A United States Army Chaplain named Winfield Scott arrived at the Salt River Valley, in 1888. The Chaplin was so taken by its potential, he subsequently provided a down payment on 640 acres in order to begin his farming operation. This purchase by Scott, which was close to the center of what is currently known as downtown Scottsdale, would be provide the momentum for the establishment of the community of which is the name sake of.
The beautiful scenery, irrigated desert location, and favorable climate in Scottsdale, influenced the original settlement. The numerous health seekers were attracted to Scottsdale, although agriculture was the primary attraction. Several of the original homesteaders of the community were recruited by Mr. Scott from the Midwest, and the East. These pioneers had an appreciation for cultural activities and were highly educated. In 1896, these early pioneers developed the Scottsdale public school system and in the, 1900's, supported a fledging writers and artists They also promoted the affiliation of Scottsdale with the earliest regional resorts, such as the Jokake Inn as well as the Ingleside Inn.
The original homestead of Mr. Scott was located adjacent to the recently built Arizona Canal, which helped to develop a dependable water supply that which tapped from the Salt River and critical to the early growth of the entire valley as well as Scottsdale. In 1908, the Granite Reef Dam was built and in 1911 the Roosevelt Dam was constructed. These dams transformed the Salt River Valley and permitted Scottsdale to obtain its share of the population boom. From 1908 through 1933, Scottsdale grew steadily but slowly as a small market town that provided services for families that were involved in the agricultural industry.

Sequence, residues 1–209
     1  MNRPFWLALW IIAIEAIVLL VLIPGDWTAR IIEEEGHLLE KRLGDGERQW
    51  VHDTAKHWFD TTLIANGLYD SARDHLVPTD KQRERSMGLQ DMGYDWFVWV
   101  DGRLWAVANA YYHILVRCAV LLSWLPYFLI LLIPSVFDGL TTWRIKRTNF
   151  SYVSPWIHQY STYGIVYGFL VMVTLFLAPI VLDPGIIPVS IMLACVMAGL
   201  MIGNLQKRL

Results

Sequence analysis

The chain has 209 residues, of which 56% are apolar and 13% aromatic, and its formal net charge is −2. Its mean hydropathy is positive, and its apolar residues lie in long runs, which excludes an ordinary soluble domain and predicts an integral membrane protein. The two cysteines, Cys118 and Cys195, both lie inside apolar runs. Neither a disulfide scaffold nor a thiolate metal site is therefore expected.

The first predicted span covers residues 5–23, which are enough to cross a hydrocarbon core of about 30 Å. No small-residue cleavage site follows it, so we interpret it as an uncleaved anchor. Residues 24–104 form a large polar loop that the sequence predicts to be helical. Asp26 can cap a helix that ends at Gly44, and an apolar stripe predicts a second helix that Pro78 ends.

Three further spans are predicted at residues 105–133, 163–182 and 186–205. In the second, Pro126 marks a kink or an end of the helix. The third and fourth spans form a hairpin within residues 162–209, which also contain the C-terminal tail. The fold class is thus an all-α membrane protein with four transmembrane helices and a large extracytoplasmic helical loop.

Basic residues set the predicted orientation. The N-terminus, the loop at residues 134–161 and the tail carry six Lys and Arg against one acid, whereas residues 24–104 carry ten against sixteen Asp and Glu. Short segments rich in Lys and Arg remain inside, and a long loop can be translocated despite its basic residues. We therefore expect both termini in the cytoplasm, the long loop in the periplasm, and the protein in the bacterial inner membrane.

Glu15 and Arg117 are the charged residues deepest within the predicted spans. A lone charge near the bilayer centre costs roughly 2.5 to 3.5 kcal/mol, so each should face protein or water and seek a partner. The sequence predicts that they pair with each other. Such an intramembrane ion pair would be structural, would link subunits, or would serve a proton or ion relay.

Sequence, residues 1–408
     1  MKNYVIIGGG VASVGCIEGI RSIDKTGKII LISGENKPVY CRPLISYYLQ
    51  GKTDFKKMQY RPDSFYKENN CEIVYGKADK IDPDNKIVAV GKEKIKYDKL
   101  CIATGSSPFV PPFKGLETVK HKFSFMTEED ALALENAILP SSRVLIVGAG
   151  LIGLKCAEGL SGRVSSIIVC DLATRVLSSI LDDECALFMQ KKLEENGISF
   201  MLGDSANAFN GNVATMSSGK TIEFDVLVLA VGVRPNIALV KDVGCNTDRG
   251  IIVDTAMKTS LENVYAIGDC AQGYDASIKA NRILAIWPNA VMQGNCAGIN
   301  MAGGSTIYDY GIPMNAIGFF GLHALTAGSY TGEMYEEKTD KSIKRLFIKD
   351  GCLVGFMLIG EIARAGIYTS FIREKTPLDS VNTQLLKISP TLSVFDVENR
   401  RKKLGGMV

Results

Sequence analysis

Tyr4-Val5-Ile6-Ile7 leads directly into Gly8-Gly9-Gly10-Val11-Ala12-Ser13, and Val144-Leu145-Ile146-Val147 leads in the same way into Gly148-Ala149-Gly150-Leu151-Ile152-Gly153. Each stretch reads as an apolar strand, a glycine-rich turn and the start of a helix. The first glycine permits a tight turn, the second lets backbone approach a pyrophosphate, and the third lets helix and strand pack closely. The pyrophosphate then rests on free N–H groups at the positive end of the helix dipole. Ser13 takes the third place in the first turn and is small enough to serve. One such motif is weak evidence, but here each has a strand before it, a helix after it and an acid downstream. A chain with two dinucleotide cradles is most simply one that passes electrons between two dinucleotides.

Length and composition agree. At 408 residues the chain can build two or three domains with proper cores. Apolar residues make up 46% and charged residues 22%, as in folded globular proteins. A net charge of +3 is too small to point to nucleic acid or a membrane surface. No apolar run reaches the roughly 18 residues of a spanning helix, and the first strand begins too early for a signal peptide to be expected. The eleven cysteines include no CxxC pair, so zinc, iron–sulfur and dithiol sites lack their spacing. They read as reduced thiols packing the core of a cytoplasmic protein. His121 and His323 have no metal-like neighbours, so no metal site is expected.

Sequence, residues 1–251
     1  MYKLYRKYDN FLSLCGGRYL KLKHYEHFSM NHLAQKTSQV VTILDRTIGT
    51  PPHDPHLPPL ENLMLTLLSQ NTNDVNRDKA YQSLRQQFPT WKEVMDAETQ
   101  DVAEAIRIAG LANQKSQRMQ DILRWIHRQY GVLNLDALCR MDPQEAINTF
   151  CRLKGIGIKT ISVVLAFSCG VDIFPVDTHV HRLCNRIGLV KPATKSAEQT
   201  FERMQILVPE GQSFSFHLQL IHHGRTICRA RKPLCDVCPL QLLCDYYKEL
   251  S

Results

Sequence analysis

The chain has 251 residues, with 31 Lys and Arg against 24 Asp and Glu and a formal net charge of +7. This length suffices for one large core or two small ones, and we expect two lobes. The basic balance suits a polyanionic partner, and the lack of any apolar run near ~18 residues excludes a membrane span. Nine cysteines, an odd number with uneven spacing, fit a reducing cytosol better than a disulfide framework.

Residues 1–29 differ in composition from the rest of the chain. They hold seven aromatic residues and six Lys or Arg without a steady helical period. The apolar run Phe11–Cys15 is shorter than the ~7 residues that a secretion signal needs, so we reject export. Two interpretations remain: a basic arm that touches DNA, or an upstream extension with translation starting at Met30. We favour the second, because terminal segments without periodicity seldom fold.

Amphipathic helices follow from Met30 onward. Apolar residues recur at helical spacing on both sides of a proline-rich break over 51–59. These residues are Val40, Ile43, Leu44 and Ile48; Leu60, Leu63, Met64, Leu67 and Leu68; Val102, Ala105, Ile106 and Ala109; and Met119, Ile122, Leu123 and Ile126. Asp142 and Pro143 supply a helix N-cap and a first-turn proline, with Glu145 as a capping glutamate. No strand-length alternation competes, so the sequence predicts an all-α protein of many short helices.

The region also experienced the development of ranching operations during its early years. In 1816, one of Scottsdale's the most prominent businessmen started investing in land just north of Scottsdale. He established a cattle ranch that subsequently covered some 44,000 acres. This ranch continued to operate. Throughout the 1950's, this ranch had cattle drives and cowboys.
During the Great Depression there was quite an influx of architects and artists in Scottsdale. This included the world famous Frank Lloyd Wright. In 1937, Wright and his wife purchased 600 desert acres at the foot of the McDowell Mountains, in 1937, and then constructed Taliesin West, were his architectural company's Southwestern headquarters and winter home.
During WW II the opening of Thunderbird II airfield in 1942, was among the most consequential events. Before the war had ended, some 5,500 pilot cadets received their primary flight training. Scottsdale also was the location of a German prisoner of war camp.
In 1947, the Chamber of Commerce in Scottsdale was established and leaders in Scottsdale leaders made a conscious effort in order to promote a special identity that was tied in with to the Old West. This was done in order to serve as an attraction to tourists and as a reflection of the roots of Scottsdale.